Ensuring healthy conditions at work is an important health policy task. Identifying workplace-related health risks and problems helps to set appropriate measures, like workplace health management and occupational medical interventions.
In the 2013 ad hoc module of the microcensus labour force survey of Statistics Austria data on accidents at work, work-related health problems and health risks at work were collected. Analyses on this topic can be found in the publication "Arbeitsunfälle und arbeitsbezogene Gesundheitsprobleme 2013"; the data sets for the module can be ordered by e-mail to email@example.com.
The Umbrella Association of Social Insurance Institutions keeps annually updated statistics on approved insurance cases related to occupational activity (accidents at work, accidents while travelling and occupational diseases). You can find further information on the homepages of the AUVA (general accident insurance institution) and the Umbrella Association of Social Insurance Institutions.
According to the 2013 ad hoc module survey, around 3.3 million employed persons were exposed to at least one physical and/or psychological risk factor at work. This corresponds to about 80% of all employed respondents (grossed up to approximately 3.3 million people) indicated to be exposed to at least one physical and/or mental health risk at work. 70% of respondents cited physical health risks, 40% complained about mental health risks. Potentially stressful working conditions affected men more frequently than women. There may however be a structural rationale behind, as the share of men working in physically strenuous conditions is higher than for women. Health risks at work rise with increasing age, largely due to the age distribution of mental health risk factors.
The most important physical health risk factors were eye fatigue, ergonomic health risks and danger of accident. Activities putting great strain to the eyes were mentioned most frequently (35.0%) as physical health risk factor. More than a quarter of respondents reported to handle heavy loads, to have to adapt to difficult working positions and/or to be exposed to the danger of accidents. More than another fifth had to work under the influence of noise, dust and heat. 15% were exposed to cold at work, while about 12% had to handle chemical substances. The influence of burdens like humidity, emissions, strong vibrations, cigarette smoke, smoke, or vapours was comparatively less important.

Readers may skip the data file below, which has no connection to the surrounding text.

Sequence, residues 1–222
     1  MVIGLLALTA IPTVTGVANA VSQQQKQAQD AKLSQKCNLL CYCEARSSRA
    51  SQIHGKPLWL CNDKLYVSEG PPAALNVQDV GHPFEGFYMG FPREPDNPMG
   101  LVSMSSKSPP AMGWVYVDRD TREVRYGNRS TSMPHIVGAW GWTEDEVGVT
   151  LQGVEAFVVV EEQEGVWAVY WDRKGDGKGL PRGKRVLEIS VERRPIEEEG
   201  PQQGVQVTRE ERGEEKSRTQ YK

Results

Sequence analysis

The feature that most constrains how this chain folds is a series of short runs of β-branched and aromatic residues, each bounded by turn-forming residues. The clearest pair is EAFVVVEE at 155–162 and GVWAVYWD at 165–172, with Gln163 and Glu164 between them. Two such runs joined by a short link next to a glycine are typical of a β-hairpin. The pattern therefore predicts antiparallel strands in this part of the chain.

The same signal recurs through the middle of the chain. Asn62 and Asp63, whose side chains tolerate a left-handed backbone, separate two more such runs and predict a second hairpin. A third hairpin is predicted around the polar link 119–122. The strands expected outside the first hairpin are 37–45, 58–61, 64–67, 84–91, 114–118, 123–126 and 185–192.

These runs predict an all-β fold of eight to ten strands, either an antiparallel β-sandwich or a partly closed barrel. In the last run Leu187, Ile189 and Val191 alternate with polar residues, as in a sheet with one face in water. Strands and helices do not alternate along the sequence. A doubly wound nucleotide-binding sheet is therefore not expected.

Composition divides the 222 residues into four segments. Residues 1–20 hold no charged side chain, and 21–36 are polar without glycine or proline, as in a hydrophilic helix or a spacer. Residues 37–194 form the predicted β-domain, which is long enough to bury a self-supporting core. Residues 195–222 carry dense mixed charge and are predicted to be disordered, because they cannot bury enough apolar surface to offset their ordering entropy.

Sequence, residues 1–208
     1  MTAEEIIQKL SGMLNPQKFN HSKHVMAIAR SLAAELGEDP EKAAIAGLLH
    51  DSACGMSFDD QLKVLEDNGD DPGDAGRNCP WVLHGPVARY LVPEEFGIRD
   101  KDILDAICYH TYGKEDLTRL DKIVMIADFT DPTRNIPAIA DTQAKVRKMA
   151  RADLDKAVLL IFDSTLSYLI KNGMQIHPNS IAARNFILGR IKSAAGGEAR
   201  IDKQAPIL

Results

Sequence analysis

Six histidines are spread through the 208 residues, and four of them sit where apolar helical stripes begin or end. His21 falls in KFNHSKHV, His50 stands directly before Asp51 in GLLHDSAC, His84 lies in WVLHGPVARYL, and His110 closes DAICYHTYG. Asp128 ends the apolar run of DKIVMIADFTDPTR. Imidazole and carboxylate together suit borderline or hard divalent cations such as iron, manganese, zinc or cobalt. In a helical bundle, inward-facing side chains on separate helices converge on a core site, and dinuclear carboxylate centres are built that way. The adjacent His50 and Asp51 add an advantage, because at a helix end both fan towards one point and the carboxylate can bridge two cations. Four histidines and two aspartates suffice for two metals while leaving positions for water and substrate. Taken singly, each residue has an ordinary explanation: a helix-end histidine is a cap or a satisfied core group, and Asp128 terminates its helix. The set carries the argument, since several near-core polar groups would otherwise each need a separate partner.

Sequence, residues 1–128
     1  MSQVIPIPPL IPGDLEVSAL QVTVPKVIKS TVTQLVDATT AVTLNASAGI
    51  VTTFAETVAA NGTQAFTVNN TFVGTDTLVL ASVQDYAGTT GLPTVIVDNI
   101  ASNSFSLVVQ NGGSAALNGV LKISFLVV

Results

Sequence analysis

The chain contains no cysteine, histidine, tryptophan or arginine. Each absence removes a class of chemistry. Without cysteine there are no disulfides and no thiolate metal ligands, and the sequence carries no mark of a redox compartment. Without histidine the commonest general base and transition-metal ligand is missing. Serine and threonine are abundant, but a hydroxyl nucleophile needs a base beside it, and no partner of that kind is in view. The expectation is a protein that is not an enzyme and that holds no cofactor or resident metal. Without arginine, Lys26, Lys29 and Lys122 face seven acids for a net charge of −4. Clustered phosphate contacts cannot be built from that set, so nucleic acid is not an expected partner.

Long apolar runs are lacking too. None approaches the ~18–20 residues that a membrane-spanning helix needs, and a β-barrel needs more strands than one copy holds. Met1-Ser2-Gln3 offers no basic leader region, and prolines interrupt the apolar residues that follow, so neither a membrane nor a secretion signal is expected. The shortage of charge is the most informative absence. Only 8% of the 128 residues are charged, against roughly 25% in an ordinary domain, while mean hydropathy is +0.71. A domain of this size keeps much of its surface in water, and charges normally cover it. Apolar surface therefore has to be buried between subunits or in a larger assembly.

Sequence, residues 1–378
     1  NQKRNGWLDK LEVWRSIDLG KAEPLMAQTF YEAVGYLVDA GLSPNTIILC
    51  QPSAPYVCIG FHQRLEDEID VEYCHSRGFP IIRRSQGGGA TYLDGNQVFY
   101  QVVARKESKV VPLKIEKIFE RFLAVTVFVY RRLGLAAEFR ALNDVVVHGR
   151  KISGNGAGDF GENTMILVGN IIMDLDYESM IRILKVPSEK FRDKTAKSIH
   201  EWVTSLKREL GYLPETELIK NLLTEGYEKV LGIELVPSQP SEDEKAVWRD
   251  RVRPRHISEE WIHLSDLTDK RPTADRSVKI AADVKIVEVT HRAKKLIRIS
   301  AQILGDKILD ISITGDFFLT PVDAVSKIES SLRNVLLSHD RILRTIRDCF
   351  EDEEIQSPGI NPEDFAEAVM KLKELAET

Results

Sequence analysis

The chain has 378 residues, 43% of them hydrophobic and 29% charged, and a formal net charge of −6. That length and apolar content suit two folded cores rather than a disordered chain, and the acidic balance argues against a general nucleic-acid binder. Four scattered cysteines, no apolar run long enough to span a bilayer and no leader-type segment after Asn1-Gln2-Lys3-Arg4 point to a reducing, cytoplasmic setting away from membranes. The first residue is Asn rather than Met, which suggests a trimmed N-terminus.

The risk factor most frequently mentioned, however, was time pressure or excessive stress. Almost 40% felt being exposed to this risk factor for mental well-being at work. Other mental risk factors brought up were violence or threat to use violence at work (4%) and harassment or mobbing (3%). Around half the people active in the health sector mentioned at least one mental risk factor at work, the same share as for people working in transport and in communications. In public service and the finance sector, about 44% of persons indicated being affected by mental health risks.
In the 2013 ad hoc module all persons ever economically active were asked on work-related health problems, including those who had been out of work for a longer period of time.
15.6% of the respondents interviewed (grossing up